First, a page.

First proposed as long ago as Budget 2004 and much consulted upon since, the statutory regime for UK REITs will finally be enacted in Finance Act 2006 and will go live on 1 January 2007 when companies and groups will be able to elect to join the regime.
Many countries already have a form of REIT property investment. The UK REIT offers tax exemption on income and gains from investment property subject to qualifying conditions including as regards the type of business carried on, the use of a UK resident vehicle and the listing of its shares on a recognised stock exchange. No single investor may (broadly speaking) receive beneficially more than 10% of distributions or control more than 10% of share capital or voting rights of a REIT.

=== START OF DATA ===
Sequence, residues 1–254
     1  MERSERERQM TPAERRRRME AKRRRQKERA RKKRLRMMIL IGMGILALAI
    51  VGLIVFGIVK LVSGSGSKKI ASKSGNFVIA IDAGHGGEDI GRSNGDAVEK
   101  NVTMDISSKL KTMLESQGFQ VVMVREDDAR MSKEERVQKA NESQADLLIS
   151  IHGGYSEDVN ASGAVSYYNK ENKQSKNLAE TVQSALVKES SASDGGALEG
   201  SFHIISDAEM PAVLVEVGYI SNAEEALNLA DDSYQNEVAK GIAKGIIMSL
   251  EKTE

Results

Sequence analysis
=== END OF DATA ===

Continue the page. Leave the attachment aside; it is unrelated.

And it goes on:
The Budget Press Release announces some welcome positive changes in the conditions previously proposed and other features which had cast doubt on the viability of the UK REITS within the UK property industry.
- The conversion charge for property companies deciding to become REITs has been set at 2%, which may be spread over 4 years, to be collected at the same time as corporation tax. This is likely to be viewed as an acceptable charge for accessing REIT benefits.
- 90% of net profits must be distributed rather than the 95% initially proposed in the draft legislation.
- The requirement to maintain interest cover in the ratio of 2.5:1 has been halved to 1.25:1.
- The loss of a REIT's advantageous tax status if any shareholder acquires a stake in excess of 10% has been relaxed.